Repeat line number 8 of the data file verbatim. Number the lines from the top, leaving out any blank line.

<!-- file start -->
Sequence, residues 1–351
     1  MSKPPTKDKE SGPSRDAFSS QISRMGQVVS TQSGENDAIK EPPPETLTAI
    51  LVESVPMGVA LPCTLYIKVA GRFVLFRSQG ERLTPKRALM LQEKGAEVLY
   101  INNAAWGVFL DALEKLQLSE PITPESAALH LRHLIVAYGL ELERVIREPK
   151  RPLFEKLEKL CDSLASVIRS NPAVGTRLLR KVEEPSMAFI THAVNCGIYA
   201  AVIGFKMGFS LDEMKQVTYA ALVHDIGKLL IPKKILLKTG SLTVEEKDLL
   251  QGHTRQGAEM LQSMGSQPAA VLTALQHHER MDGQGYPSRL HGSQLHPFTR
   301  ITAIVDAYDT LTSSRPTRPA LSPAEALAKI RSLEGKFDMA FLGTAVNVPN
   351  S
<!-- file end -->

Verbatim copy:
   301  ITAIVDAYDT LTSSRPTRPA LSPAEALAKI RSLEGKFDMA FLGTAVNVPN